|Publication number||USH1606 H|
|Application number||US 08/281,805|
|Publication date||Nov 5, 1996|
|Filing date||Jul 22, 1994|
|Priority date||Jul 22, 1994|
|Publication number||08281805, 281805, US H1606 H, US H1606H, US-H-H1606, USH1606 H, USH1606H|
|Inventors||Vladimir G. Gelnovatch, Bruce D. Jette|
|Original Assignee||The United States Of America As Represented By The Secretary Of The Army|
|Export Citation||BiBTeX, EndNote, RefMan|
|Patent Citations (4), Referenced by (18), Classifications (11)|
|External Links: USPTO, USPTO Assignment, Espacenet|
The invention described herein may be manufactured, used and licensed by or for the Government for governmental purposes without the payment to us of any royalties thereon.
1. Field of the Invention
This invention relates generally to the field of electronic communications. More particularly, the invention relates to electronic communication techniques for remote identification of objects.
2. Description of the Prior Art
In the field of electronic communications, a variety of remote interrogation techniques have been used to achieve positive identification of objects. Existing electronic interrogation techniques often consist of transmitting a radio-frequency (rf) signal that is intended to trigger a transponder or like device to elicit an electromagnetic reply. Such interrogation techniques have been used extensively by the military for identifying friendly forces and by aircraft controlers for identifyiny commercial aircraft.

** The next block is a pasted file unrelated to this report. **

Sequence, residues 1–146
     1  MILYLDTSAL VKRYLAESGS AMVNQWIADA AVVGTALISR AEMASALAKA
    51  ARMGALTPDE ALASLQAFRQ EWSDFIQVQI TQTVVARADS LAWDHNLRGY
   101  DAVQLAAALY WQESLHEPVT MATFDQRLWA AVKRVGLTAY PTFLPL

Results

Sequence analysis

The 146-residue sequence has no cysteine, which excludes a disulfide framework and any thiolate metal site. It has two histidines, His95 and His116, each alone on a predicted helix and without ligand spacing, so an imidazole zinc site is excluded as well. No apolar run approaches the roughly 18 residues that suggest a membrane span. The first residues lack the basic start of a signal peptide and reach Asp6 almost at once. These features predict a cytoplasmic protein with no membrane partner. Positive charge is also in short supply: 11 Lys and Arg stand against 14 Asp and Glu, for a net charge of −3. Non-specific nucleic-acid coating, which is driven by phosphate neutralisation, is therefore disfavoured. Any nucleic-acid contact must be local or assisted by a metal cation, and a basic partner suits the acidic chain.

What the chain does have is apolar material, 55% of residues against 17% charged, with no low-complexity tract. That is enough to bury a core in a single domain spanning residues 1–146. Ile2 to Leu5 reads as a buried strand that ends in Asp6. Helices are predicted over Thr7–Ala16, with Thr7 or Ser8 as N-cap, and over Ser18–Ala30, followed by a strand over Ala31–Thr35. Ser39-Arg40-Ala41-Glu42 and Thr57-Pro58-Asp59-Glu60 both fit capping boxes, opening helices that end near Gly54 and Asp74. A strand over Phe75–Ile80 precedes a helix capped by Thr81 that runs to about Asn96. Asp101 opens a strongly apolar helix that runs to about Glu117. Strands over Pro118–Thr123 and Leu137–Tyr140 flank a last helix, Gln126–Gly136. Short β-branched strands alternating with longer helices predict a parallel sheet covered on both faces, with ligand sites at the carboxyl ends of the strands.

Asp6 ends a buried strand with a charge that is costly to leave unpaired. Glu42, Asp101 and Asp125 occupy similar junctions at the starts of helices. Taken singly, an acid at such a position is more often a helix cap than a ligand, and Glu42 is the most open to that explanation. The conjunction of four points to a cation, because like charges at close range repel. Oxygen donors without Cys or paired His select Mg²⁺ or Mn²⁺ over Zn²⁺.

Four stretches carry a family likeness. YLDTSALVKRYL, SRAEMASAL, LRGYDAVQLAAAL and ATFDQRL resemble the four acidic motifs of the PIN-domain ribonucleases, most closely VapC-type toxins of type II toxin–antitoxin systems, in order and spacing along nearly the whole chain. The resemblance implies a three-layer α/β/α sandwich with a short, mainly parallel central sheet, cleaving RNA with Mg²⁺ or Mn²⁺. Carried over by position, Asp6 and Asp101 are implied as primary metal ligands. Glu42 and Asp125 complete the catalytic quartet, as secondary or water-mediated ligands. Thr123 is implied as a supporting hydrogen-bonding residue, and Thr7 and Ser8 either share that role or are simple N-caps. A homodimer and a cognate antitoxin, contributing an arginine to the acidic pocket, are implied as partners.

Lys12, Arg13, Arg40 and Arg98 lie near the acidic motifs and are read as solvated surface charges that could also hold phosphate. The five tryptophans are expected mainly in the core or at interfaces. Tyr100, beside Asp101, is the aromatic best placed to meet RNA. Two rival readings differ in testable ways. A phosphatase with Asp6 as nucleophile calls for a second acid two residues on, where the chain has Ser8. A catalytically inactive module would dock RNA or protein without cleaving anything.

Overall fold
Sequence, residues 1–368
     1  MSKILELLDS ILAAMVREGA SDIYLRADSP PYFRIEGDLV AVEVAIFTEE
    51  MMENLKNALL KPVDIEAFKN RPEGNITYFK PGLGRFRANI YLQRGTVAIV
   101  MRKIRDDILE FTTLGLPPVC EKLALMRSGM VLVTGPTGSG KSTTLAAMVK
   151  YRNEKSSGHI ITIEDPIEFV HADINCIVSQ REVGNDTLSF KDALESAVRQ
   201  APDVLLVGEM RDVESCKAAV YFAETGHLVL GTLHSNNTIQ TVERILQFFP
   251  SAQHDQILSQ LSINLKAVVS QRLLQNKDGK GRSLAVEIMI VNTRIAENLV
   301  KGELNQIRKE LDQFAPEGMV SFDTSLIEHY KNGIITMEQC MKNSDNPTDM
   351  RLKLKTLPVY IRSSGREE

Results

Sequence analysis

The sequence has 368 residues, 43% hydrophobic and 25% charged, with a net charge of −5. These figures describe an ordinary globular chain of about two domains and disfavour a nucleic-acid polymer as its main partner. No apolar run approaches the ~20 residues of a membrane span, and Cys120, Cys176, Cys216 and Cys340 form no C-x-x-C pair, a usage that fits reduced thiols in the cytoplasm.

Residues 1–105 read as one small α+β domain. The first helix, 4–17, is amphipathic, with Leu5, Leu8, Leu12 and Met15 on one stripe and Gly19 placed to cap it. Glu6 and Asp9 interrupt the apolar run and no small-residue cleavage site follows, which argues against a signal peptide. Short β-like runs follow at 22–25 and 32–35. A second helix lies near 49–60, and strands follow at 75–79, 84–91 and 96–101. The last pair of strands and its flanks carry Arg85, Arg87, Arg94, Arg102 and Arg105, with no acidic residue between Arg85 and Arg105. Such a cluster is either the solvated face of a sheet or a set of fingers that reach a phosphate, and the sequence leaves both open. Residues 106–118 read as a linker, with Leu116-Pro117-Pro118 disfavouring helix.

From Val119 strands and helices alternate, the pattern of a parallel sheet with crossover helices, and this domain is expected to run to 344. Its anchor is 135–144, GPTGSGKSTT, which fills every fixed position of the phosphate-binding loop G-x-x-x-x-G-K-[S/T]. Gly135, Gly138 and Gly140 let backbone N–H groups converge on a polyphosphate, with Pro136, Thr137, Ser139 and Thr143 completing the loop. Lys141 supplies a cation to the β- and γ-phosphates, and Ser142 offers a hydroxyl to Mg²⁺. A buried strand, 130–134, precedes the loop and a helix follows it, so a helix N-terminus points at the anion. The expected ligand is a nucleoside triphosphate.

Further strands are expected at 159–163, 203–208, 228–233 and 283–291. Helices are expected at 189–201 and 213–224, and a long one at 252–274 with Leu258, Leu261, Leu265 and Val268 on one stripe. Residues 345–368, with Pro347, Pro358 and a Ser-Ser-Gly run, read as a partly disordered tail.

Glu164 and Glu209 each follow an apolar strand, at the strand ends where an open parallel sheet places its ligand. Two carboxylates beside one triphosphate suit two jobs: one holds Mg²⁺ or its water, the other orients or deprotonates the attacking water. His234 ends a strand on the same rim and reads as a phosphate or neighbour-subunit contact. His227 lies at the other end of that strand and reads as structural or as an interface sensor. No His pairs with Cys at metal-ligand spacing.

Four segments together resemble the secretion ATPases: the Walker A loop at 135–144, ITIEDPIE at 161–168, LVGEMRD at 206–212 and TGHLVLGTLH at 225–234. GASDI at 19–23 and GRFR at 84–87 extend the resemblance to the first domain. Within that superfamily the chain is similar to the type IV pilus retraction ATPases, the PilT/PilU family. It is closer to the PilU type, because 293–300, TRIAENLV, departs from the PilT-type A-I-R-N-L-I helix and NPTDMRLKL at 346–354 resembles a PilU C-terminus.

More specifically, a typical military identification-friend-or-foe (IFF) system uses coded radio transmissions that friendly forces automatically respond to by emitting a coded response signal, which identifies them from enemy forces. A transmitter-receiver device, usually called an interrogator-responser or simply an interrogator, transmits the coded radio transmissions toward a target as an interrogation signal and receives the coded response signal. The equipment carried by the friendly forces usually includes a transponder having a circuit that is triggered by a received interrogation signal to automatically transmit the appropriate response signal, which positively identifies the target as being friendly.
In addition to IFF systems, achieving remote positive identification of objects is also becoming an important problem in such diverse areas as inventory control, physical security and retail pricing. For example, the inability to accurately make positive identification of objects can cost industry dearly by loses due to pilferage and theft, or because of increased inventory control costs. In this regard, warehousing requires at least two-dimensional, often three-dimensional placement of supplies. Categorizing regions of a warehouse usually allows simpler location and control of items, but does not necessarily use space efficiently. On the other hand, "plugging in" the next item to be stored in any available space can provide efficient use of the warehouse area but can cause problems in inventory and item location. As such, most prior art storage procedures require periodic inventory to correct errors in records or account for pilferage. Bar code systems currently provide a reasonably efficient method of conducting inventory but they still require the physical checking of pallets, packages, stacks, etc. Most prior inventory systems require restacking checked items to confirm the number of sub-units or boxed items in a particular batch. These labor intensive, prior art inventory techniques can be highly expensive to procure and time consuming to use properly.